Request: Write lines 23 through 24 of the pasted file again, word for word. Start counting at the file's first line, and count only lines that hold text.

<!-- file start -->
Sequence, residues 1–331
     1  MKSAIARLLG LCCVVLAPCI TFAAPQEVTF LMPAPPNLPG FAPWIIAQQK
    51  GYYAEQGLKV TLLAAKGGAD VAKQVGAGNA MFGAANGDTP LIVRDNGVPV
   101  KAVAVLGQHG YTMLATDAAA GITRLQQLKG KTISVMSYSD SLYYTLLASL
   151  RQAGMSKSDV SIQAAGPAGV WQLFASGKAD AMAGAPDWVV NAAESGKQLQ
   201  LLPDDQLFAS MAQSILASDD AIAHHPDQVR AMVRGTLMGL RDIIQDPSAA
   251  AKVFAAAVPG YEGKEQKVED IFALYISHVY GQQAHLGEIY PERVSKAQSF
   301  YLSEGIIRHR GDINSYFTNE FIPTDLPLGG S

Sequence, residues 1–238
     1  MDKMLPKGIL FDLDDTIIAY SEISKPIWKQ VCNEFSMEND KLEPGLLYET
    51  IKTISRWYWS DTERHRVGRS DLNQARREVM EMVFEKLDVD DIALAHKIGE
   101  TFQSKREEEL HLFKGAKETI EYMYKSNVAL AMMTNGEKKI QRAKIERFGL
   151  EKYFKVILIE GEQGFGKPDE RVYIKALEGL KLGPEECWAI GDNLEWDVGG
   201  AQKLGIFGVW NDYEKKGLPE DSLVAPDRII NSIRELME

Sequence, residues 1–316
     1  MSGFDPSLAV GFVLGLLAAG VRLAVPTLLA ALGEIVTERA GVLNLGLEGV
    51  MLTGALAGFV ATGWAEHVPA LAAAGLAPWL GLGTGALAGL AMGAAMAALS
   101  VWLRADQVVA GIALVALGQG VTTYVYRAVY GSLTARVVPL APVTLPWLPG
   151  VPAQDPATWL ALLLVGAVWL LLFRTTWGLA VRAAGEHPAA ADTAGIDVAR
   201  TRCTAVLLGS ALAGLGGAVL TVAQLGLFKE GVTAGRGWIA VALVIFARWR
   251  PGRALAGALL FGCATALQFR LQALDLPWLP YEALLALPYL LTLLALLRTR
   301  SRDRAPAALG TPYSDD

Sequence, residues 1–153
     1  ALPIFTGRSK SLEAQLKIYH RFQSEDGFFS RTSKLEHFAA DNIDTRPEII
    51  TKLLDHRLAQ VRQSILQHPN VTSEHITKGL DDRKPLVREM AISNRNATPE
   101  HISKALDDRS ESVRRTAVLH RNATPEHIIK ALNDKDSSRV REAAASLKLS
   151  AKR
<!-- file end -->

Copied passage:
Sequence, residues 1–153
     1  ALPIFTGRSK SLEAQLKIYH RFQSEDGFFS RTSKLEHFAA DNIDTRPEII